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of numbers: lastly, the oppression of the provinces which are not admitted to a participation in the legislative power.

A mixed government is composed by the combination of two or more of the simple forms of government above described :-and in whatever proportion each form enters into the constitution of a government, in the same proportion may both the advantages and evils, which we have attributed to that form, be expected : that is, those are the uses to be maintained and cultivated in each part of the constitution, and these are the dangers to be provided against in each. Thus, if secrecy and dispatch be truly enumerated amongst the separate excellencies of regal government, then a mixed government, which retains monarchy in one part of its constitution, should be careful that the other estates of the empire do not, by an officious and inquisitive interference with the executive functions, which are, or ought to be, reserved to the administration of the prince, interpose delays, or divulge what it is expedient to conceal. On the other hand, if profusion, exaction, military domination, and needless wars, be justly accounted natural properties of monarchy, in its simple unqualified form; then are these the objects to' which, in a mixed government, the aristocratic and

popular part of the constitution ought to direct their vigilance; the dangers against which they should raise and fortify their barriers; these are departments of sovereignty, over which a power of inspection and control ought to be deposited with the people.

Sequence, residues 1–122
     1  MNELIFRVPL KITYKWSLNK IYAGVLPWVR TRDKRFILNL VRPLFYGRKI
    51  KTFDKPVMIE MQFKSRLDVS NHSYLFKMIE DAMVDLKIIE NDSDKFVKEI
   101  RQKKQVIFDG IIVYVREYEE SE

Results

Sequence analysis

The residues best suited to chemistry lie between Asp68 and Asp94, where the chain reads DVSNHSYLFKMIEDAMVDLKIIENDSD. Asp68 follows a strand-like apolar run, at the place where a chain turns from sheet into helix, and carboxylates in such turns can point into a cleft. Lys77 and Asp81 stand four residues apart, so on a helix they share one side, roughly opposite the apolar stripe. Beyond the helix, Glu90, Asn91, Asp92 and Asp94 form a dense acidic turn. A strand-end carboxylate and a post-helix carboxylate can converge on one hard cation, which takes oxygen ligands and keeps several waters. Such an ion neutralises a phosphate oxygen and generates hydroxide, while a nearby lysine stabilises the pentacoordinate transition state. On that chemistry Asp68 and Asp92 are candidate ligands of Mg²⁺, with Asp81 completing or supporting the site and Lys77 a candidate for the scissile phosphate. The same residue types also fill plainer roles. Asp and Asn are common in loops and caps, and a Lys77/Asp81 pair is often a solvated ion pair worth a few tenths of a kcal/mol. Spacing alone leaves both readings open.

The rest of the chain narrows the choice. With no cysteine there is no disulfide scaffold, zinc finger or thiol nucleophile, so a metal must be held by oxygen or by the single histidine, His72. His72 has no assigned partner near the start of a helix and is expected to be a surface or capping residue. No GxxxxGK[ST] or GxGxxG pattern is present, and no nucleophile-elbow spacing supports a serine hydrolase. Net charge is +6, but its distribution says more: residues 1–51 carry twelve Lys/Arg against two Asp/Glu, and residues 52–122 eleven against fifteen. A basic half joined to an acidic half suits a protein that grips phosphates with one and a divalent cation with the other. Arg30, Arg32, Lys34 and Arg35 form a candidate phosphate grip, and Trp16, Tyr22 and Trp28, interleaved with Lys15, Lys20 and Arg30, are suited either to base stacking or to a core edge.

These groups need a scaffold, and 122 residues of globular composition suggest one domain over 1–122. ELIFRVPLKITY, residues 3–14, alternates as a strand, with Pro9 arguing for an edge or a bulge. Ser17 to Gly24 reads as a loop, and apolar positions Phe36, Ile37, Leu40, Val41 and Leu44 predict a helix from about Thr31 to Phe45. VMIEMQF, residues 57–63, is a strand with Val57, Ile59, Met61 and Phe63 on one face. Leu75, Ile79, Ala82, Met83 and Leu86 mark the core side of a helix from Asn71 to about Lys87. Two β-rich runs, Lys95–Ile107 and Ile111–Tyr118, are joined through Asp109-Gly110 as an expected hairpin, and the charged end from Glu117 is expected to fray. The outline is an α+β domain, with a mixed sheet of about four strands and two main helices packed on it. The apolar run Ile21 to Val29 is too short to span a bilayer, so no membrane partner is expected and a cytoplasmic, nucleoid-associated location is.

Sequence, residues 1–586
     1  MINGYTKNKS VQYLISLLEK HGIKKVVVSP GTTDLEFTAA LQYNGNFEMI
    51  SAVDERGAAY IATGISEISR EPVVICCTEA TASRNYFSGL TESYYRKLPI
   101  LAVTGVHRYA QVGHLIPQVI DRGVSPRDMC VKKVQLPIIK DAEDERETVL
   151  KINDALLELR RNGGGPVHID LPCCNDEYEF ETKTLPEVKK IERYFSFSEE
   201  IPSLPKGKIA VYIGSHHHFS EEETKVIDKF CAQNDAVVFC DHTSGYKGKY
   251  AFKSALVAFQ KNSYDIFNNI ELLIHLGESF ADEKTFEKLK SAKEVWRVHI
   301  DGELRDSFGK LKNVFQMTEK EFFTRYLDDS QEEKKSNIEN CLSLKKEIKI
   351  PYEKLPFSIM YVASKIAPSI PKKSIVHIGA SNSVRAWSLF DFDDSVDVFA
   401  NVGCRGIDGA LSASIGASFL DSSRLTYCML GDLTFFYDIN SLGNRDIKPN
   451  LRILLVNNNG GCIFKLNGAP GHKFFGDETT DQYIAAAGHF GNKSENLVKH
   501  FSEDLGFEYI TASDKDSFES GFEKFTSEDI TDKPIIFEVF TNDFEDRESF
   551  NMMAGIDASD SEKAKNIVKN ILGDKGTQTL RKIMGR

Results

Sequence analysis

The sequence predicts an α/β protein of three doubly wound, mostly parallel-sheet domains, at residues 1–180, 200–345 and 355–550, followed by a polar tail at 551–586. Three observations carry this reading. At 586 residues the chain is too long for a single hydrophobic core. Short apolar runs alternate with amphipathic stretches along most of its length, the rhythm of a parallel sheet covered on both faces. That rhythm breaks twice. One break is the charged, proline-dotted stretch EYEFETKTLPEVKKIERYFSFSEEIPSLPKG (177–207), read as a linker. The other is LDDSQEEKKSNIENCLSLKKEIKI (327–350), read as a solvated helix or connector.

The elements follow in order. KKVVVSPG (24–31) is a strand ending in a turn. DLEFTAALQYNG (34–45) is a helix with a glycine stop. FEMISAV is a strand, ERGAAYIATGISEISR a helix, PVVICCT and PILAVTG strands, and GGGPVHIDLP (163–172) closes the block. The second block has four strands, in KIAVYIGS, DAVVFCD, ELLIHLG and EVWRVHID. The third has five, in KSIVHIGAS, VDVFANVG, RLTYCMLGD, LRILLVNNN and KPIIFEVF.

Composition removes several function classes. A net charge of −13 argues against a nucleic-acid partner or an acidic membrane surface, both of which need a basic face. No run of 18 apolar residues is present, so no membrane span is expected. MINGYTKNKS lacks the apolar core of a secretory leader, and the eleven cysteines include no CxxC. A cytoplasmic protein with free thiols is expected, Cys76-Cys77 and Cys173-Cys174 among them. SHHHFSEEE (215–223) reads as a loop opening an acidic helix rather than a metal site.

The same observation may be repeated of all the other advantages and inconvenience which have been ascribed to the several simple forms of government; and affords a rule whereby to direct the construction, ime provements, and administration, of mixed

governments, -subjected however to this remark, that a quality sometimes results from the conjunction of two simple forms of government, which belongs not to the separate existence of either : thus corruption, which has no place in an absolute monarchy, and little in a puré republic, is sure to gain admission into a constitution which divides the supreme power between an executive magistrate and a popular council.

An hereditary MONARCHY is universally to be referred to an elective monarchy. The confession of every writer on the subject of civil government, the experience of ages,


example of Poland, and of the papal dominions, seem to place this amongst the few indubitable maxims which the science of politics admits of. A crown is too splendid a prize to be conferred upon merit: the